There are many excellent and comprehensive answers given. I just want to add one point.

It seems like the real source of your problems is your anxiety/depression. Those conditions do respond to treatment, and you deserve to get help to live a happy life. Hundreds of studies show that therapies like CBT, DBT, medications, and others work. People can be cured and live life more fully than they ever believed possible.

I don't know you, and I don't know your circumstances. If you can get competent professional help, that's wonderful. However, you might be among the many people who cannot get access to competent professional help due to finances, location, scheduling, or various technical matters.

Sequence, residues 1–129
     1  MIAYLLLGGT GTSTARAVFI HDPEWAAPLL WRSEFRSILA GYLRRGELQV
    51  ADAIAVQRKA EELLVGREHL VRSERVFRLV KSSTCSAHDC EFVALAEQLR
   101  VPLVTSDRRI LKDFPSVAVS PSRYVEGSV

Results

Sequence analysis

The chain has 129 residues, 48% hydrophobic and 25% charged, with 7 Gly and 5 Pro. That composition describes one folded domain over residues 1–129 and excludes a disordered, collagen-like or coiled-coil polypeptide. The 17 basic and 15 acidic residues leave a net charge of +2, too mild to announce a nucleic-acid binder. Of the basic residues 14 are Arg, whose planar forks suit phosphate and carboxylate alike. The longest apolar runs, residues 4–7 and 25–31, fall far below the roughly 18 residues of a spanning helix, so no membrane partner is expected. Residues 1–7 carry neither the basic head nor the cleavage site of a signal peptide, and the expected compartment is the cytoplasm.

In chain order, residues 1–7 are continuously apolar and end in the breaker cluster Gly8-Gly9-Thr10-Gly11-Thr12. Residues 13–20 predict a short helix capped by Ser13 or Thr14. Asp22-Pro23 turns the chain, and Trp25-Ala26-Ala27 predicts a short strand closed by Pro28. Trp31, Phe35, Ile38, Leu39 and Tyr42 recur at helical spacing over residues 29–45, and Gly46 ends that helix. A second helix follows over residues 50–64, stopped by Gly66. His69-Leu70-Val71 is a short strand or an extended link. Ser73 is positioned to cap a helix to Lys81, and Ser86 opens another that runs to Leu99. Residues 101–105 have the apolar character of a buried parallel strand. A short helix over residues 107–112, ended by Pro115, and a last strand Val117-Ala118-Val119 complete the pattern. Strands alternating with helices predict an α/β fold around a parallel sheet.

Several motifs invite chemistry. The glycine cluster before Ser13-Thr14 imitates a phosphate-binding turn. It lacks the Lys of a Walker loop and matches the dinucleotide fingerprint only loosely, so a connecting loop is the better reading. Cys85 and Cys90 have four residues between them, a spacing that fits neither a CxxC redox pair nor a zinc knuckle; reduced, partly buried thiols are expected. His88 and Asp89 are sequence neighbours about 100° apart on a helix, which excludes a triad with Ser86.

If so, there is still help available. If you have an internet connection and a Smartphone, you already have access to help. Here is a non-exhaustive list of resources that may help:

  1. Mind Over Mood has books, worksheets, a website, podcast
  2. The free apps WYSA and YOUPER both use AI to provide personalized therapy. You text the app and it listens and responds using various excercises to help you.
  3. BetterHelp.com provides online therapy along with discounts based on need

If you can get access to competent professional help, that would be idea. But if not, there are still many resources that can make a little bit of positive difference.

If you are really struggling, especially with suicidal thoughts, and you are not currently working or tied down to anything, you might want to try an Intensive Outpatient Program (IOP) which offers intense and comprehensive help to people who struggle. They tend to accept all insurances, so it may be an affordable option. These programs can help people recover quicker and learn lifelong skills in the course of a month or two.

protected by Wrzlprmft Nov 29 at 9:51